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Loki   by David Buckley December 2002
  • Loki Gallery-360 - @ 30 May 2021
  • Loki Gallery - Close Up - @ 30 May 2021
  • Loki Gallery - Poses - @ 30 May 2021
  • Loki Log
  • Loki technical information in A Minimalist Approach to Biped Walking Robots
  • Loki software
  • Loki-20.bpe, 2002 - 2018
  • Loki-20_Cmnd.bpe, 2002 - 2018
  • Loki-20_Cereb.bpe, 2002 - 2018
  • LokiCerebP28X2eyesv1.bas, 2002 - 2018
  • LokiIRcmnderP08m2-2.bas, 2002 - 2013
  • LokiActorP08m2.bas, 2002 - 2013
  • LokiDesign1.jpg
  • LokiDesign2.jpg, - Loki plan squares are 5mm.
  • Loki is the first of the Aesir series of Biped Robots each using four servos, two servos per leg. These explore the abilities of the different geometries obtainable using just two servos per leg and hence just two degrees of freedom per leg.

    The robots are much squatter than those previously built such as BigFoot and Ambler but, because of the extra two servos, have far greater agility.

    The goals of the Aesir project were for them to be able to play with a ball and collect bricks.

    Loki was designed in December 2002 and was inspired by David Steadman's Sted-e-Man.

    (The Aesir are a group of Norse gods.)

    Loki operation

    One consequence of the design is that because Loki does not use weight shifting the ankle servos need to be more powerful than the servos used in BigFoot and Ambler.

    Loki originally was able to self-right and stand-up unaided from all positions except directly upside down. The addition of roll bars on the head so Loki automatically rolled from being upside down would have prevented that exception. However to enable Loki to step and turn more easily the toes were shortened and now Loki is not able to self-right.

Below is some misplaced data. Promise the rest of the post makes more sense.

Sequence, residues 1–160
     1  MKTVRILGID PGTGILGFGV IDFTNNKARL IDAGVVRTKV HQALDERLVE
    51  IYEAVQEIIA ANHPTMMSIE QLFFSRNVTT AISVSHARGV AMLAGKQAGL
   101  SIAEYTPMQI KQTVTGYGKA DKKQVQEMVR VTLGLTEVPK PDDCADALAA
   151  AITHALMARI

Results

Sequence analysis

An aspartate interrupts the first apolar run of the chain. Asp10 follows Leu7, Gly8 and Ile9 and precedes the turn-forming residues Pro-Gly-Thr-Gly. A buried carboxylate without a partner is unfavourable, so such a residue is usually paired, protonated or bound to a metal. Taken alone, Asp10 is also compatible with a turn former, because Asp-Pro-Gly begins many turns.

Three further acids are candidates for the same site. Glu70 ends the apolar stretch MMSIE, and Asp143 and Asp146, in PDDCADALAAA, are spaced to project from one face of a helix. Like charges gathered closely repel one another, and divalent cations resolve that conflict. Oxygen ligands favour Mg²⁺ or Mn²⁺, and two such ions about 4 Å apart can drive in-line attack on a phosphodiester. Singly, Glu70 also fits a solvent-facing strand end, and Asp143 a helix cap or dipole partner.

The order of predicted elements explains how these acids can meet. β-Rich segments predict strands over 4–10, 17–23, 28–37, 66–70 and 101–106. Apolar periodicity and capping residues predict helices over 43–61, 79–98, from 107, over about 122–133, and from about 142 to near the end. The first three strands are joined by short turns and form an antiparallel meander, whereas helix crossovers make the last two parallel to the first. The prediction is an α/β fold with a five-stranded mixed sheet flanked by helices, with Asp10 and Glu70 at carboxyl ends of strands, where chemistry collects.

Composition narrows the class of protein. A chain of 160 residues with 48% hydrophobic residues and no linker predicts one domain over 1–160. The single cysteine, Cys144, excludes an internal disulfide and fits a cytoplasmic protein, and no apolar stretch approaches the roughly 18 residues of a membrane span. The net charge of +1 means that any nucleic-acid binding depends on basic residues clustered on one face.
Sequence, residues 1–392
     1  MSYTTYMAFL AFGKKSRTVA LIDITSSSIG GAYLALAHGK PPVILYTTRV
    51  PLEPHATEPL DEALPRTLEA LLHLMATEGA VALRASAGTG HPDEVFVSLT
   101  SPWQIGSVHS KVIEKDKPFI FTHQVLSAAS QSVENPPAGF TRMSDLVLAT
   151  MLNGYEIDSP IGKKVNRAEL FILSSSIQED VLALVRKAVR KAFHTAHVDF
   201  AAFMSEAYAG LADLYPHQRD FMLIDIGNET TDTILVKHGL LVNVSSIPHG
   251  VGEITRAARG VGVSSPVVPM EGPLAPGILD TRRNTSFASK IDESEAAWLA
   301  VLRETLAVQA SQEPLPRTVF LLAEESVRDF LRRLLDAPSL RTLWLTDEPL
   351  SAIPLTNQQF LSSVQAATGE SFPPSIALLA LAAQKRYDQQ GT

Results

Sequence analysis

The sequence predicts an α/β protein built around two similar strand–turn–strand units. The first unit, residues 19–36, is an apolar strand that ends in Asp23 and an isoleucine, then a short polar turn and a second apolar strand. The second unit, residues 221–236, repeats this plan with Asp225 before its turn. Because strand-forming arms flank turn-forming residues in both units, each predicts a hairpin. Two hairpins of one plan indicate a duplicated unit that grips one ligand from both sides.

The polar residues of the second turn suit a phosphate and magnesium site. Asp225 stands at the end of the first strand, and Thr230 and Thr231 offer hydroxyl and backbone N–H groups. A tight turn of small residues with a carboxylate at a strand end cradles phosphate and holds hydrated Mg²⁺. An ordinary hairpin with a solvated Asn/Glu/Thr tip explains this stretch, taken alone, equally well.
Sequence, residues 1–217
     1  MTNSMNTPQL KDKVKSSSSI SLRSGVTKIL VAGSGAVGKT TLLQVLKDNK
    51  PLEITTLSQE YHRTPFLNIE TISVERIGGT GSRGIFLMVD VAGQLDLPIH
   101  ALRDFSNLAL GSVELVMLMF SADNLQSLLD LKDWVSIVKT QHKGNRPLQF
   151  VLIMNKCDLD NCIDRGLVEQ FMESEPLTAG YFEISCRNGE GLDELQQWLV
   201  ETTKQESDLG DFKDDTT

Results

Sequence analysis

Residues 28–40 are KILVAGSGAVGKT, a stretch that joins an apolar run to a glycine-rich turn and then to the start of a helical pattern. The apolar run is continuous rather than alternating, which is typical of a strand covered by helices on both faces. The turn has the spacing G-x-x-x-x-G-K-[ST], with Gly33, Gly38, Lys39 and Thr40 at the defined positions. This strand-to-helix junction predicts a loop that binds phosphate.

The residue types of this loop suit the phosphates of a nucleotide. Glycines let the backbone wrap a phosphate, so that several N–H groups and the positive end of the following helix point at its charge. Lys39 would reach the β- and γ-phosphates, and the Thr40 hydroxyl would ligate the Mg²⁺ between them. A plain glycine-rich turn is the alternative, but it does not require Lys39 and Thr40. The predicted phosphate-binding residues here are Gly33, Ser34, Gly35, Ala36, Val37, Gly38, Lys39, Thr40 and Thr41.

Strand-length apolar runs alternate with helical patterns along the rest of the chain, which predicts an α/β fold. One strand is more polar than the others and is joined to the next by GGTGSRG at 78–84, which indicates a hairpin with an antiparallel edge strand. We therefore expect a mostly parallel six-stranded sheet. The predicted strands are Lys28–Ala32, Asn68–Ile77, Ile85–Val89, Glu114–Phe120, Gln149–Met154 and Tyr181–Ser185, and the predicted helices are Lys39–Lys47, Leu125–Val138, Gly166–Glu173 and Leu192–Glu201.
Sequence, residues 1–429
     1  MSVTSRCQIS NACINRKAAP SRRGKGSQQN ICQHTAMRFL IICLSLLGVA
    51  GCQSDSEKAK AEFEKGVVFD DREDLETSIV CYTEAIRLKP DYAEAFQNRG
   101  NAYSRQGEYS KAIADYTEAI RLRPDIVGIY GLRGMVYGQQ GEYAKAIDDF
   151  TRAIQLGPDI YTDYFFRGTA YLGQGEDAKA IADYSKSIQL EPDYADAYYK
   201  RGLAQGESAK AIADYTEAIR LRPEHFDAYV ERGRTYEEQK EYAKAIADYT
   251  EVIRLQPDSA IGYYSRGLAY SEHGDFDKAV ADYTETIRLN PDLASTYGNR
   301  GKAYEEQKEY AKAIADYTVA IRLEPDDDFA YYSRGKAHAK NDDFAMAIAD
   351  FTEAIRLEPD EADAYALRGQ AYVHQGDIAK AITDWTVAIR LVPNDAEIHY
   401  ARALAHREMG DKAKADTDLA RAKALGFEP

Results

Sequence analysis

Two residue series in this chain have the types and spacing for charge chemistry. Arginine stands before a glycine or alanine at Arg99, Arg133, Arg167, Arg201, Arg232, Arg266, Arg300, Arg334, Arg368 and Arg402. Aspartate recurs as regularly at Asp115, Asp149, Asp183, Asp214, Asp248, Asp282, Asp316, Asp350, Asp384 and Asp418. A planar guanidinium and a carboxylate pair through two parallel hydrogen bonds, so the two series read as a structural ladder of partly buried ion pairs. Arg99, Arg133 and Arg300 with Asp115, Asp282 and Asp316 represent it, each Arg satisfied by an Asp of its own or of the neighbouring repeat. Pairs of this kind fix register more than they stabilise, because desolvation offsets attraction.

Unexpected abilities - After Loki was built I was using a remote pot. connected to the Stamp to investigating the servo pulse values for various leg positions and discovered that Loki can walk sideways! I can't imagine ever discovering this in a CAD or modelling package.

    Loki in various poses

    Loki Electronics

    Loki uses a Parallax Stamp BS2 as its controller (the photos show an OEM version).
    Servo power is supplied by four AA cells while a 9v PP3 powers the BS2.

    Loki Mechanics

    Loki is 16 centimetres high by 17 centimetres wide by 13 centimetres front to back and weighs 620 grams including batteries
    (6.25" x 6.75" x 5.25", 22.5oz)
    Each leg at the hip is pivoted around a vertical axis while the foot is pivoted about an horizontal fore and aft axis.
    The distance between the ankle pivots is 130mm and so to lift one foot off the ground the torque required is:
    A standard size Supertec S03 servo has a rated torque of 3.4Kgcm at 4.8volts
    A standard size Supertec S06/2BB servo has a rated torque of 7.2Kgcm at 4.8volts
    Loki uses standard size Supertec S03 servos at the hips and the higher torque Supertec S06 servos at the ankles.
    Material is 4mm birch ply.

    The eagle eyed amongst you of course will have noticed that the hip servos are Hitec HS-615MG!
    I intended to use the Supertec servos but just happened to have lying around two old HS-615MGs which are 7.7Kgcm @4.8v.
    However on 20th September 06 one of the 615's electronics failed and I replaced them with S06s.
    The measured rotation of S06s on 5v was 0.8ms/90deg anticlockwise as opposed to the 615's 0.9ms/90deg clockwise.
    (The manufacture's figures on 4.8v are S06 speed 0.33sec/60deg and the 615 0.23/60deg.)
    After installing and updating the program with the new direction and Max Min and Mid servo settings I was surprised that Loki walked much better than before.

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